Secondly, Helen Hunt  spends much of the movie completely naked (as brave as it gets at 49) teaching Mark how to suck her nipples effectively, perform passable cunnilingus and generally satisfy her and himself – she’s a sex therapist.

And thirdly, William H Macy plays a cool dude Catholic priest that assumes the role of God, granting Mark the dispensation to get his rocks off free from the guilt of mortal sin.

What’s more, the supporting cast all put in excellent and mostly touching shifts that add to the overall quality of the movie.

It’s in places hilarious (although Seth MacFarlane would hardly agree), breathtakingly taboo (without offending anyone – including the four pensioners sat behind us) and moving.

What makes it work so wonderfully is what it doesn’t do or say.  Whilst issues surrounding morality must sit full square at the centre of the (based on true) story it’s not hammered home.  It makes no judgement and that’s in no small part down to the skill of director Lewin.

Very few people have seen this movie, more’s the pity, and the screening we saw was achingly badly attended.  Nonetheless it cost only $1m to make and grossed a modest (but profitable) $5m in the US.  I think it’s a sleeper of potentially Sideways proportions that will, over time, make the funders very large returns as its absolute honesty and sincerity wins it advocates like me.

Anne Hathaway is unbettable for Best Supporting actress at this year’s big hooley and she is by a distance the best thing about Les Miserables, but it’s a cameo role.  This, on the other hand, is a career defining moment for Hunt who would win every day in my book.  And I may indeed have a small wager on her at 25/1.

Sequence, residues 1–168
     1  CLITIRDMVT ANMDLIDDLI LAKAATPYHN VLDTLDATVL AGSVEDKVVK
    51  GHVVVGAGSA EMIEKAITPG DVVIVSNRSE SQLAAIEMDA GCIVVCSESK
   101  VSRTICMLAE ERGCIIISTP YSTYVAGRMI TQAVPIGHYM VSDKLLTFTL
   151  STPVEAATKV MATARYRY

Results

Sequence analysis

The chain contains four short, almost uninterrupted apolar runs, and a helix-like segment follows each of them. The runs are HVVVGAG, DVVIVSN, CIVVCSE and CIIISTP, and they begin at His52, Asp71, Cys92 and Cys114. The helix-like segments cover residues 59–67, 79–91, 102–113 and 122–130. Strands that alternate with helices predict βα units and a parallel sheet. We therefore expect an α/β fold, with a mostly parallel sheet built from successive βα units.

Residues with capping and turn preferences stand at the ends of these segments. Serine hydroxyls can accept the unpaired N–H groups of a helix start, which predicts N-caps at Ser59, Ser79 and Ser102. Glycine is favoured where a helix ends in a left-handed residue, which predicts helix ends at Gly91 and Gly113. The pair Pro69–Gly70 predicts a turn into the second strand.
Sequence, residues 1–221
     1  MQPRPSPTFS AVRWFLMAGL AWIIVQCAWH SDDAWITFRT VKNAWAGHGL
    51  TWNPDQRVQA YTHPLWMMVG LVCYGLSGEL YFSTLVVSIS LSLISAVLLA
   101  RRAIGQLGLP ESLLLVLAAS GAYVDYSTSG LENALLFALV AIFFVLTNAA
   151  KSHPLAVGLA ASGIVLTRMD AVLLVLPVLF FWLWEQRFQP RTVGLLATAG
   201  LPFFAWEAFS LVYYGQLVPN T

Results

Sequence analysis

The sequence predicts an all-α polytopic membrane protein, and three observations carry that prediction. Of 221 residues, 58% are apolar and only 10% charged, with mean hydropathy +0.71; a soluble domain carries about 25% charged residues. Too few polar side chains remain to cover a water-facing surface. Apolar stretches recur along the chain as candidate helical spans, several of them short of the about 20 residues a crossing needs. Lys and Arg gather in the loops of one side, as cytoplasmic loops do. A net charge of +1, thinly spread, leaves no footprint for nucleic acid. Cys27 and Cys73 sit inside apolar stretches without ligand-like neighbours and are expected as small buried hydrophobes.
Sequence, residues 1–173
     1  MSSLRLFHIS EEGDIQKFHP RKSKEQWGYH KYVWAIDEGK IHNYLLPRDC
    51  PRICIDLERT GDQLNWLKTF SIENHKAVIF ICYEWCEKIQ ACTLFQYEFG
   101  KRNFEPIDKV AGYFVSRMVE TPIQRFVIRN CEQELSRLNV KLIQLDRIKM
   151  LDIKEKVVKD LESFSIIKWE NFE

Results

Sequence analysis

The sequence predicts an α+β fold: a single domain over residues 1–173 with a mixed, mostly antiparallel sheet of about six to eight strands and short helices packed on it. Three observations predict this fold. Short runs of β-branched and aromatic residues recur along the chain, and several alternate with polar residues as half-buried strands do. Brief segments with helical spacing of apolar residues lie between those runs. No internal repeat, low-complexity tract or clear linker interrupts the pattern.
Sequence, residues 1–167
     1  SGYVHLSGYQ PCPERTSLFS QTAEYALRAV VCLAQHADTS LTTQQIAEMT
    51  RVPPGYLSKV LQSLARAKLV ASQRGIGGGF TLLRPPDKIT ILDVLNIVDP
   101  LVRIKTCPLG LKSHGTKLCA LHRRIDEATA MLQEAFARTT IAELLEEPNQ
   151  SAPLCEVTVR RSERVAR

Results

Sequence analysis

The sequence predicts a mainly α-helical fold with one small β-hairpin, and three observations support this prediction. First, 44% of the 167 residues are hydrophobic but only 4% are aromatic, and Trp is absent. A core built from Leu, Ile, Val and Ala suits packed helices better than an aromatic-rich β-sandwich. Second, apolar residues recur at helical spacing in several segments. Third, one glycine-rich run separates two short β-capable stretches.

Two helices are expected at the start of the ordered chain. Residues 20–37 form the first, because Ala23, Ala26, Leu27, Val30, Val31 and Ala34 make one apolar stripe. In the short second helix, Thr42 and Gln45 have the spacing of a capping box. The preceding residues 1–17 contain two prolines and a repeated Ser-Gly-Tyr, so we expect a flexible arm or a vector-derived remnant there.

Life of Pi


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I'd be tempted to give life of Pi this score out of 3 (3.14159265
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09) but it so annoys me when people talk about giving 110% that I 
just can't do it.

So, instead, I'll just have to settle for an old fashioned 9/10. 
Now, let's get this straight.  Life of Pi has just shown that there
 is life left in 3D.  It may be, on the whole, a gimmick but the 
exception can still prove the point.  Only two movies have made 
the 3D entrance fee worth the extra IMHO, Avatar and this. 

It's a tough movie for bibliophiles to even want to see because the book is so magnificent (in my all time top ten probably) and many 
I've spoken to who love it equally are just downright scared that 
Ang Lee was going to blow it.  The odds were strongly in favour of 
 that happening because it's a pretty full on philosophical workout. 
 So full credit has to go to Fox pictures for shelling out $120 million
on the ultimate movie gamble. 

How Ang manages to retain the existential angst of the book AND make 
a blockbuster movie that holds the attention from start to finish 
(yes, including the pretty turgid first 100 pages) is not only anyone's 
guess but a cinematic achievement of considerable merit. 

It's the storytelling that wins the day but it's wrapped up in 
cinematography of the very highest order.  So many times one gasps out 
loud at what's on screen that it's like a day out in a theme park. 
Surely the Oscar for this is certain to go to Claudio Miranda 
(Fight Club, Se7en, Zodiac, Benjamin Button). 

The acting is universally good but it's the tiger, Richard Parker, 
and his four legged companions that really steal the show.  CGI 
has never, ever been this good. This might sound like it's the 
technology that carries the movie but don't think that.  It's an 
honest, stunning exploration of the true meaning of life, 
religion and truth and it’s an absolute must see.  

I would not discount it winning best movie come early March and 
I certainly wouldn't grudge it.  

Ang Lee's finest hour.

Cross cultural religious stuff happened today that was really interesting.


I played drums, as I most usually do at mass in South Queensferry.  I’m not so anal about my religion that I HAVE to be there every Sunday, but I try.

Anyway, some good rhythms.

Then I headed up to St Giles Cathedral, on the Royal Mile, to see a friend of mine sing in the choir.  If you know anything about Scottish history you’ll know that that’s not a Catholic worship place but it is very Christian.

I loved it and can recommend Sunday Service there at 11.30.

An extraordinary choir and an amazing location, set off by this stunning angel…